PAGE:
Is Lebron James Overpaid?

I was in the Stanford Basketball office last week and Brian Eskildsen, (our director of scouting and head video coordinator) was talking about a recent quote about LeBron James and his market value as a professional athlete. I looked up the ESPN article and here is an excerpt.

“What I do on the floor shows my value. At the end of the day, I don’t think my value on the floor can really be compensated for, anyways, because of the (collective bargaining agreement),….If you want the truth. If this was baseball, it’d be up, I mean way up there.”

The article went on to discuss that LeBron James has never had a “max contract”  in his entire professional basketball playing career.

I am absolutely astounded that LeBron James has never had a max deal.  It shows an incredible amount of unselfishness and commitment to the team.  Can you imagine the Miami Heat without Ray Allen, Shane Battier, Udonis Haslem, and so many other great players on the team?  This is all made possible by the fact that LeBron James was willing to accept less money in order for the team to be able to bring in excellent role players.

What’s even more interesting is the current collective bargaining agreement.  First of all, let’s be honest, fans go to NBA games to see the superstars.  People who are excited about basketball go to games to see LeBron James, Kevin Garnett, Kobe Bryant, and people like Shaq, Barley, etc.  But the current collective bargaining agreement lowered relative salary on the superstars while raising or keeping the salaries on the role players roughly the same.  The NBA is a great league and it was a dream come true to play in the NBA.  But I do agree with LeBron in the sense that if the collective bargaining agreement mirrored the baseball model, his salary would be at least double his current level.  Just some food for thought as I warm my computer back up and try to become a more regular blogger in the future!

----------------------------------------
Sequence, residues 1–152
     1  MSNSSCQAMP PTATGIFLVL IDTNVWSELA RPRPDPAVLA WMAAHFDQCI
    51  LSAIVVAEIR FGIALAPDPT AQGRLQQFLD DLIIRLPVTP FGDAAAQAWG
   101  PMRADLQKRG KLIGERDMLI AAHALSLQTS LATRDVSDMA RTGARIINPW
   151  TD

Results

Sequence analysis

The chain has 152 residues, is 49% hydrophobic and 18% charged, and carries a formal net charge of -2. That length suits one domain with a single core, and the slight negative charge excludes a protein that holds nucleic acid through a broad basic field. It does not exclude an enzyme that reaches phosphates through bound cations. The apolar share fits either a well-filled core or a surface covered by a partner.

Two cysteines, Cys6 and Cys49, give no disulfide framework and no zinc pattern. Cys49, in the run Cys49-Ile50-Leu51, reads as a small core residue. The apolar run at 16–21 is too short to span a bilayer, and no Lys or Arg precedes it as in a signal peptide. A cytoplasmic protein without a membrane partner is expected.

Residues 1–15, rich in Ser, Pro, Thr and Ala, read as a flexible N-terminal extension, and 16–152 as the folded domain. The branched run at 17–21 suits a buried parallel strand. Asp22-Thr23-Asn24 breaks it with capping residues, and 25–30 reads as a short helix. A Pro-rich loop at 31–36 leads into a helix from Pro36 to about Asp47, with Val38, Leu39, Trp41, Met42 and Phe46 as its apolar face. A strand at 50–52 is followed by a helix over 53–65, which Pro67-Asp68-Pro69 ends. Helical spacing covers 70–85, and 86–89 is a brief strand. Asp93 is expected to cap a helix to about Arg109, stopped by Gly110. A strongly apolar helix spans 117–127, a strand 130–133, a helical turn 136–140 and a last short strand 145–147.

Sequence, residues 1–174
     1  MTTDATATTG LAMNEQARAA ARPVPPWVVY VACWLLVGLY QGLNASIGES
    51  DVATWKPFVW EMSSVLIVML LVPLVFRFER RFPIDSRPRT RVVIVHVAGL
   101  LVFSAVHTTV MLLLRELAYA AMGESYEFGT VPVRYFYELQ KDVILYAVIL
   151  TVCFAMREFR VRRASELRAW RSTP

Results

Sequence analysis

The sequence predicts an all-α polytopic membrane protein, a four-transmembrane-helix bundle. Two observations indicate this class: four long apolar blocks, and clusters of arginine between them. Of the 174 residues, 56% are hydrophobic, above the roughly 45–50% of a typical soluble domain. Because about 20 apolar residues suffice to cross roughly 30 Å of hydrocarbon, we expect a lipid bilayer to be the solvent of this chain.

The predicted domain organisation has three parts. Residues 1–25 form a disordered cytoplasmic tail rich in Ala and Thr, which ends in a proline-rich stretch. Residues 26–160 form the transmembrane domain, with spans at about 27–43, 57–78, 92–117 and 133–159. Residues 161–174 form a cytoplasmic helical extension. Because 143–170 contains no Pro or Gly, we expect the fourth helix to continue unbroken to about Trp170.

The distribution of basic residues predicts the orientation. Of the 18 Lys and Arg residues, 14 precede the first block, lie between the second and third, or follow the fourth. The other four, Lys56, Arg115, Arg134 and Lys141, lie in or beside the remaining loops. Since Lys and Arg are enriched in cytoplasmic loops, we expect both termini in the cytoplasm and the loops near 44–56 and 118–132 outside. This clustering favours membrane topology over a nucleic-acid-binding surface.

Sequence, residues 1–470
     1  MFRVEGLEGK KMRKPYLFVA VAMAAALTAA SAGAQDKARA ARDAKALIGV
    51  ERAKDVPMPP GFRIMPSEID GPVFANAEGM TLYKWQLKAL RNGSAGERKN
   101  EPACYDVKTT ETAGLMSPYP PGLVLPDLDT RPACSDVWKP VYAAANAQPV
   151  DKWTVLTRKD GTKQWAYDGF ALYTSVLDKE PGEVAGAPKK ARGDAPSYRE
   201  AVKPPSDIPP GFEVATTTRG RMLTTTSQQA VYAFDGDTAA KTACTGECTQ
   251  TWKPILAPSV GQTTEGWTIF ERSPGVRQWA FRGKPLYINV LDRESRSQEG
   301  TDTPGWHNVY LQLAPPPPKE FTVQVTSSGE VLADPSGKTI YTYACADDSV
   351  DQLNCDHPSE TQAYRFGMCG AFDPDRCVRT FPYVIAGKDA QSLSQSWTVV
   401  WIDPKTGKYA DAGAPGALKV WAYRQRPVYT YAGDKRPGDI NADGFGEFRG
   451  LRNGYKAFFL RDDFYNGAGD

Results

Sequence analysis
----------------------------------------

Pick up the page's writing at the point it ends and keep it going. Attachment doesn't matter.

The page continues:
Mark Madsen
Mark Madsen is the head basketball coach at Utah Valley University. He played nine years in the NBA (2000-2009) as a member of both the Los Angeles Lakers and the Minnesota Timberwolves. He began coaching in 2009 for the NBA G-League and eventually returned to the LA Lakers where he spent six seasons as an assistant. He married the former Hannah Harkness and the couple has two young children.

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